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Props to the contractor on the West Roxbury Parkway repaving project

Normally, when a road gets torn up, you can expect weeks of unremitting commuting pain as you navigate among the barrels and raised grates. I was certainly expecting that when crews started tearing up the parkway between Washington Street and just past Bellevue Hill Road on Monday. But by last night, they were actually finished - the road is nice and smooth and all that's left is to put down the permanent lane stripes.

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I've always wondered why re-paving takes so long in Massachusetts. When I lived in the DC area, they would mill and repave in one step, using one giant machine that seemed to recycle the milled pavement into fresh asphalt.

I wondered about this on Metafilter a while back: http://ask.metafilter.com/78221/Why-does-road-pavi...

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So how long have they been repaving 128 now? In pieces...

Yeah, it seems like a peculiar local fetish to tear up a road, spray orange paint on the manholes, and call it a day.

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Where it crosses 128 in Dedham - you never wonder if you're just going to plunge right through the plastic sheets the road seems to be made of now.

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Many of these side roads in Massachusetts (including Rt. 9, and most parkways) are older roads with gas, water and electric pipes underneat the road. It would be impossible to simply mill and repave in one step in most cases.

But my sources tell me that with one paving crew (1 big milling maching, two rollers, and 20 trucks per hour with 10 workers on the road) a single crew should be able to do 2000-4000 feet in a day (8 hours).

Private companies that win the bids for MA work probably space it out, knowing what time frame they have and dont have, and then work accordingly. I would also assume that those same private companies in VA would be able to bid on projects in MA?

Most of this work in MA is done at night too on major roads. That could just be a traffic issue though.

And they have to pave it twice. If youve noticed on Rt. 9, the road has been paved for about 3 months now. But the final pave is only going on now. I think it has to do with fact that the iron castings (manhole covers) are repaired, raised, and then paved over....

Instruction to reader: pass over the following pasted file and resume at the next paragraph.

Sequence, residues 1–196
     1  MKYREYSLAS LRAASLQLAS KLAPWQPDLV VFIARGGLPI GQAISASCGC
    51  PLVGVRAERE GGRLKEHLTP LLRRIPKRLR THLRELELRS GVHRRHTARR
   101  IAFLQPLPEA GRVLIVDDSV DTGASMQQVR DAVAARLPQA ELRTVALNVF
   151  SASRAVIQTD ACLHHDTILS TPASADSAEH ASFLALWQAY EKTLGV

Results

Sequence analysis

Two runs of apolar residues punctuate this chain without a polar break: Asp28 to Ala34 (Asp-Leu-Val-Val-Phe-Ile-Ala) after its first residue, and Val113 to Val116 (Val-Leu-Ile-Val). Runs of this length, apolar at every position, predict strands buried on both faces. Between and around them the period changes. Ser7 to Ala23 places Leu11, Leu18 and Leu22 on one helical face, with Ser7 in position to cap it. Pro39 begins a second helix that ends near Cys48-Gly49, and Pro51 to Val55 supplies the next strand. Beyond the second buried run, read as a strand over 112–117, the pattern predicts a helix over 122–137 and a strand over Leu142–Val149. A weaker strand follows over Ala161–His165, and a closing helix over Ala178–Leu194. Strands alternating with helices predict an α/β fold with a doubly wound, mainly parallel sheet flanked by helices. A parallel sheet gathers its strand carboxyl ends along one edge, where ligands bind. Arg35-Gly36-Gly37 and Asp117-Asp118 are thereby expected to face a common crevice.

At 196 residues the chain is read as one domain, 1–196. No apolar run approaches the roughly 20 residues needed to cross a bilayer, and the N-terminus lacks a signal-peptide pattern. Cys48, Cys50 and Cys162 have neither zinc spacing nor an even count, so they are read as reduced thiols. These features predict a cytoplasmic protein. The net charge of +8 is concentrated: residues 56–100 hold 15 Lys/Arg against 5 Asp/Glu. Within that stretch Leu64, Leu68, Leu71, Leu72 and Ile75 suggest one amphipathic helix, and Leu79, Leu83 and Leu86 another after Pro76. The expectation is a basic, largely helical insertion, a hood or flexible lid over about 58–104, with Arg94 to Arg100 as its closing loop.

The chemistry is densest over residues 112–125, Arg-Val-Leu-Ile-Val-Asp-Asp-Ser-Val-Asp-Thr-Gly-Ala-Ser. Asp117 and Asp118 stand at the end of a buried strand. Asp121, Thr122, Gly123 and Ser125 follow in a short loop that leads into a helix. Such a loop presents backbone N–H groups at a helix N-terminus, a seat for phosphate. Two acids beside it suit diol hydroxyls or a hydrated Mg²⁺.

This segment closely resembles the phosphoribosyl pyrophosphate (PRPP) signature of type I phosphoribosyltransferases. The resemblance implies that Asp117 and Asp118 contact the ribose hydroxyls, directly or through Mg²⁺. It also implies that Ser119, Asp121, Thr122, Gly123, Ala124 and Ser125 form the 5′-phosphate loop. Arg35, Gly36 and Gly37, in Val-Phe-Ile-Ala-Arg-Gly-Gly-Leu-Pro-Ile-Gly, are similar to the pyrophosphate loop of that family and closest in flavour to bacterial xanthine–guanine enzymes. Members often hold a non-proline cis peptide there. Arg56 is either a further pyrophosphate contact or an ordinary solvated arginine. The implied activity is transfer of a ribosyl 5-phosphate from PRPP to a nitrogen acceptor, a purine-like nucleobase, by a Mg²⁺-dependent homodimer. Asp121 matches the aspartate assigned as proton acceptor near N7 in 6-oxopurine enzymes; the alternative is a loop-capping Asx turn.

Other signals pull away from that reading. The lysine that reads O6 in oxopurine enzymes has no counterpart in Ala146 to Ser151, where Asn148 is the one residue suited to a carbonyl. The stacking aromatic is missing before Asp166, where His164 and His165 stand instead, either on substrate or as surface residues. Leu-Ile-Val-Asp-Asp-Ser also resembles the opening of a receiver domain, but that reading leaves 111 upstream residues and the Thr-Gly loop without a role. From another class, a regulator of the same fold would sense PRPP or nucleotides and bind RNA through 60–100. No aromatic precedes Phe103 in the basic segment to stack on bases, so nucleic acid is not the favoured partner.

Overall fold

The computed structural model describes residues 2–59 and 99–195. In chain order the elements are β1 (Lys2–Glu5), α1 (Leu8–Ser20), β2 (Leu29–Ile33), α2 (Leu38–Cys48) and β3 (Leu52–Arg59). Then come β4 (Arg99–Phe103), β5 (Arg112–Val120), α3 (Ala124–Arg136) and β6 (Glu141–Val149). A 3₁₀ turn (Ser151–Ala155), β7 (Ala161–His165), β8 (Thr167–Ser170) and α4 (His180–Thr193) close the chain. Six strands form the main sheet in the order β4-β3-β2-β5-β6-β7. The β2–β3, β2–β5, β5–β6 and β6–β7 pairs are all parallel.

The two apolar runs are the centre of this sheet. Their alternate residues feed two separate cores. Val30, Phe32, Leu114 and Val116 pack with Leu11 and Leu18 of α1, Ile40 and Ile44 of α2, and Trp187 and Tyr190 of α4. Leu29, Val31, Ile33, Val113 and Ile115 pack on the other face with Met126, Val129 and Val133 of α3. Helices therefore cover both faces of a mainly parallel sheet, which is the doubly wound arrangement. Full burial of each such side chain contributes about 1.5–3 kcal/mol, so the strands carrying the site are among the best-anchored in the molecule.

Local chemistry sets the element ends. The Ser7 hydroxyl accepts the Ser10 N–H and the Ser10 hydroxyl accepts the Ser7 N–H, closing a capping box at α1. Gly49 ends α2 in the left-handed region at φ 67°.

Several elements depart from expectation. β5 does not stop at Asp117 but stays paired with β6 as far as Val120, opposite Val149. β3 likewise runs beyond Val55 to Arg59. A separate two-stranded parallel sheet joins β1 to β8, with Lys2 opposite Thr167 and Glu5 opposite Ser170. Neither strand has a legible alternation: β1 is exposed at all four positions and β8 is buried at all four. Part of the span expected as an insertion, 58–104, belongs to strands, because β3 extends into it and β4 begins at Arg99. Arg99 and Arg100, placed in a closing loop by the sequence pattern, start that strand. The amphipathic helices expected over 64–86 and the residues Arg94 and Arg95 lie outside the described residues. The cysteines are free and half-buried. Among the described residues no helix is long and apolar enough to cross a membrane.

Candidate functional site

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Riveting. Things that make you go hmmmm.

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Wish they could work that fast on Somerville Avenue. Just yesterday, I had to ride my bike at least a half mile on the sidewalk, because the road had been reduced to two extremely narrow lanes while the rest was being torn up.

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I think it is far more than repaving - they have some pretty impressive pipe pieces hanging around the work areas.

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When you see those pipes around the work areas, the job is most likely a water pipe one. The MWRA has a bunch of these jobs going on around the state. Basically, most of the watermains and pipes in Massachusetts are all 100+ years old. Sometimes they get replaced, but more often than not, companies will go into the pipe and put this plastic type sealant inside the original pipe. Companies also need to fix and replace the joints, nuts and bolts with new parts as well. Thats why many of those projects take such a long time.

Wait till you see what happens on Beacon St in Brookline again. They just spend almost 3 years repairing the whole street and now the town has bids out to replace water pipes down on lower beacon st. This will basically tear up most of the work that was just done!

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It seemed it was done overnight, also. I missed a couple of days, but it's all spiffy and new now.

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